Washington, Oct 11 : Scientists in the US have turned oil from plants like soybeans and coconuts into jet fuel that is equivalent to kerosene derived from oil.
According to a report in the Scientific American, working with the U.S. Department of Defense's Defense Advanced Research Projects Agency (DARPA), scientists at the Energy and Environmental Research Center (EERC) at the University of North Dakota turned these plant oils into fuel that had a similar density, energy content and even freezing point.
"It's got a freeze point of -47 degrees Celsius (-52.6 degrees Fahrenheit). Anyone familiar with biodiesel can tell you that's no small feat," said chemical engineer Chad Wocken, EERC environmental technologies research manager.
"It's processed so that it contains only the same hydrocarbon molecules present in petroleum fuel," he added.
Wocken said that the process is thermocatalytic. In other words, the engineers heat the plant oils in the presence of an undisclosed catalyst to create a slew of petroleum products.
In fact, the process is not unlike conventional oil refining in that it produces everything from the kerosene used as aviation fuel to regular gasoline.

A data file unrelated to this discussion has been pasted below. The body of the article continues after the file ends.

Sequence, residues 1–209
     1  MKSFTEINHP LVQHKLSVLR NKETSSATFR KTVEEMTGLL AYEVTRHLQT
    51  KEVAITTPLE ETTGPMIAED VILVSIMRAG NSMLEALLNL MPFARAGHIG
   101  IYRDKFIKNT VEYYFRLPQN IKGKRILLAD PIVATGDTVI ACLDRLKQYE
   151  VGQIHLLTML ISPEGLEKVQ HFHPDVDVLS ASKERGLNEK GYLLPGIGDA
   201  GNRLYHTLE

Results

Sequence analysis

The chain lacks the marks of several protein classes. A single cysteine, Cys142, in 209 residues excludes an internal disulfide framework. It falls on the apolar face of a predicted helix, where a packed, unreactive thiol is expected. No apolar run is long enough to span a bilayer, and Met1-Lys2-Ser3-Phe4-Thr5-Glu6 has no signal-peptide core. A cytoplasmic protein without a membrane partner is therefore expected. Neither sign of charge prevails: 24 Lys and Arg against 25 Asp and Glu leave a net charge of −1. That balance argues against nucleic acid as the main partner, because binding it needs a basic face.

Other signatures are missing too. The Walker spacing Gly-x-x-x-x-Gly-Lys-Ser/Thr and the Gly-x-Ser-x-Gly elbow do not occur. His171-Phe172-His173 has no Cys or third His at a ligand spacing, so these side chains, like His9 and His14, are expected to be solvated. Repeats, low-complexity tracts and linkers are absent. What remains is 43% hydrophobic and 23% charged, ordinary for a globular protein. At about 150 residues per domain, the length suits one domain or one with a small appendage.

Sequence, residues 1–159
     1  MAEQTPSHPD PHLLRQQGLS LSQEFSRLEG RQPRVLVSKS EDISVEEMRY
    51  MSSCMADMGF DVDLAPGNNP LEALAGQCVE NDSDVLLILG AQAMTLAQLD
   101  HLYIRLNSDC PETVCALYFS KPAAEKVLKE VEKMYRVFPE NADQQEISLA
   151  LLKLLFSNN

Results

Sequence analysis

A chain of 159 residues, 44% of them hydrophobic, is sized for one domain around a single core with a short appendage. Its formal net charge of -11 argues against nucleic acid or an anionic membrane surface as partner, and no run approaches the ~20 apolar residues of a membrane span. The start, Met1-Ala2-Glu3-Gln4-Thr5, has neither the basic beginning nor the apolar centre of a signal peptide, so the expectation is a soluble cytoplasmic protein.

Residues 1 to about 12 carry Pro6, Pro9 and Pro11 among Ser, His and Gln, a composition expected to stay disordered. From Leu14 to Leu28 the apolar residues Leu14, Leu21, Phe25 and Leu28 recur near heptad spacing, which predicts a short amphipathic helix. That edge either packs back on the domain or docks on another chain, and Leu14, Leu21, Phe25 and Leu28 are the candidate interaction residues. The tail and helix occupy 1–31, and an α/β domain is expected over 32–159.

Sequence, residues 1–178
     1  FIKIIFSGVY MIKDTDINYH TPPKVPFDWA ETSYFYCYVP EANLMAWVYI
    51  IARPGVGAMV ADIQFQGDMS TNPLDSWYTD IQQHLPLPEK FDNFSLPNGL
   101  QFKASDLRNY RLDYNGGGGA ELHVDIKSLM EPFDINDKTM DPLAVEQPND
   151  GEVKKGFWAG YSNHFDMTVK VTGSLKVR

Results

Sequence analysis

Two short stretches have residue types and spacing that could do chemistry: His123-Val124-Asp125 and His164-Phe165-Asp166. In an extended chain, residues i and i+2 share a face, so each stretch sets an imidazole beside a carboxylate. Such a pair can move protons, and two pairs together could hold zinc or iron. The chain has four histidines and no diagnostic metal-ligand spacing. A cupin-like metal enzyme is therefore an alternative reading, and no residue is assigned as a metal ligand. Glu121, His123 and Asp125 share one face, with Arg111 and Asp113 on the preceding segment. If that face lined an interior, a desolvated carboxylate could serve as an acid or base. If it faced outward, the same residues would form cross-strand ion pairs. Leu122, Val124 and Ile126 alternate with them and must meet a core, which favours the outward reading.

"The processing costs would be similar and comparable to petroleum oil refining, and perhaps even less expensive, because you're not dealing with contaminants like sulfur," said Wocken.
Of course, the biofuel's ultimate price tag is yet to be determined as only "gallons" of it have been brewed compared with the more than 60 million gallons (225 million liters) of jet fuel consumed daily in the U.S.
But, it will in large part depend on the price to grow the crops themselves. All have been fluctuating in recent months due to newly volatile global commodity markets. Virgin Atlantic has flown a jumbo jet on a combination of conventional jet fuel and biofuel made from palm oil, and a jet powered solely by biodiesel has stayed aloft for more than 30 minutes-albeit with a special device to keep its fuel from freezing at high altitude.
The EERC is currently in the process of producing 25 gallons (95 liters) of the bio-jet fuel for ground testing in a jet engine as early as next month.